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Neural Plasticity
Volume 2012 (2012), Article ID 415250, 12 pages
Review Article

Time to Be SHY? Some Comments on Sleep and Synaptic Homeostasis

Department of Psychiatry, University of Wisconsin, Madison 6001 Research Park Boulevard, Madison, WI 53719, USA

Received 26 January 2012; Accepted 13 February 2012

Academic Editor: Alfredo Fontanini

Copyright © 2012 Giulio Tononi and Chiara Cirelli. This is an open access article distributed under the Creative Commons Attribution License, which permits unrestricted use, distribution, and reproduction in any medium, provided the original work is properly cited.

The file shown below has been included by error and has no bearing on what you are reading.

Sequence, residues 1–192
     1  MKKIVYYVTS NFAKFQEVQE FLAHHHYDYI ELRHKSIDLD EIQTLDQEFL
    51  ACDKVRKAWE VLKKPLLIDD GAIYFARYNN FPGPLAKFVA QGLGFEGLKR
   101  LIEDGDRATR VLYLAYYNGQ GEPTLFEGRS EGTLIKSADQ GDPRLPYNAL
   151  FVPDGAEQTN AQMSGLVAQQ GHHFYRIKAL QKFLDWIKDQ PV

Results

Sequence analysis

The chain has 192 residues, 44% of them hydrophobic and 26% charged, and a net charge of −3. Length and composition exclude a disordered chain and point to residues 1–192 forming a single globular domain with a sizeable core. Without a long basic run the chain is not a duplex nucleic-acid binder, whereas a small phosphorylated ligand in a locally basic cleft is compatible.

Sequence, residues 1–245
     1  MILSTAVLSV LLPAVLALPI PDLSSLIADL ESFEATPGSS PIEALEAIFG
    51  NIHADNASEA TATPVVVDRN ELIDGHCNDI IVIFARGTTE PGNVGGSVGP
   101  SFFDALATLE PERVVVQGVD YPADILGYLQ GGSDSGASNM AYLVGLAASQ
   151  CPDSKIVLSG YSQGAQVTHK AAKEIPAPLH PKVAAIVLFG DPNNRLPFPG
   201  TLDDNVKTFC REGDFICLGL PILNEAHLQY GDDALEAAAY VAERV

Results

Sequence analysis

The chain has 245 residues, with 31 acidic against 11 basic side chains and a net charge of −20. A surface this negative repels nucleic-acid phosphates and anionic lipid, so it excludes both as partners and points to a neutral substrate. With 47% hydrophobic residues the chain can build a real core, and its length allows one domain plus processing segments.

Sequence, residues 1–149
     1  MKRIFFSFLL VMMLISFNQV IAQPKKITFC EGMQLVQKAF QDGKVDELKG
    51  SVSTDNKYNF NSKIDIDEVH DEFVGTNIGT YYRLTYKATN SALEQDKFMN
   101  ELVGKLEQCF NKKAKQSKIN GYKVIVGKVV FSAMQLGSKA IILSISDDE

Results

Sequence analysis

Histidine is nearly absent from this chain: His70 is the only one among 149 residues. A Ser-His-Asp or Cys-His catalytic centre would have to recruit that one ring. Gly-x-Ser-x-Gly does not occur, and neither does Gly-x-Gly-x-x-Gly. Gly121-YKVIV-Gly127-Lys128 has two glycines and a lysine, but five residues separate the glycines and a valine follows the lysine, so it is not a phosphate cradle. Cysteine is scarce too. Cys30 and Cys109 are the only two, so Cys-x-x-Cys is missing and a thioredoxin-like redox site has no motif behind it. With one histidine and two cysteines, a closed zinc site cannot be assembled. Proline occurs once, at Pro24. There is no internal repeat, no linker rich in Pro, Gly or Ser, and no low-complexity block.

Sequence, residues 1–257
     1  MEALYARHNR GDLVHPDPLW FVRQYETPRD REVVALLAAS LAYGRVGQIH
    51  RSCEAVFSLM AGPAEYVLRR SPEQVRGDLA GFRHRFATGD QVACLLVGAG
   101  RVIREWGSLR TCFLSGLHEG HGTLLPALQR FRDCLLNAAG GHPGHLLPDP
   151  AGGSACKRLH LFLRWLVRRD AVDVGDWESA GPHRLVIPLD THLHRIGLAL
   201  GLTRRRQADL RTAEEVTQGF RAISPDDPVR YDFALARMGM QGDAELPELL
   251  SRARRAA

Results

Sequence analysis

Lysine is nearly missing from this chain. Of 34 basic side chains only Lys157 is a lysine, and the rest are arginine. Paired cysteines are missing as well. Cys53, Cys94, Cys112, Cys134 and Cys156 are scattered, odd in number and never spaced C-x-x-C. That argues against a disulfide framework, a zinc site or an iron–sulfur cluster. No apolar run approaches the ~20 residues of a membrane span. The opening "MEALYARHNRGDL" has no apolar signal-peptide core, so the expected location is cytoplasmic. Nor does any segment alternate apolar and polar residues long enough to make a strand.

Sleep must serve an essential, universal function, one that offsets the risk of being disconnected from the environment. The synaptic homeostasis hypothesis (SHY) is an attempt to identify this essential function. Its core claim is that sleep is needed to reestablish synaptic homeostasis, which is challenged by the remarkable plasticity of the brain. In other words, sleep is “the price we pay for plasticity.” In this issue, M. G. Frank reviewed several aspects of the hypothesis and raised several issues. The comments below provide a brief summary of the motivations underlying SHY and clarify that SHY is a hypothesis not about specific mechanisms, but about a universal, essential function of sleep. This function is the preservation of synaptic homeostasis in the face of a systematic bias toward a net increase in synaptic strength—a challenge that is posed by learning during adult wake, and by massive synaptogenesis during development.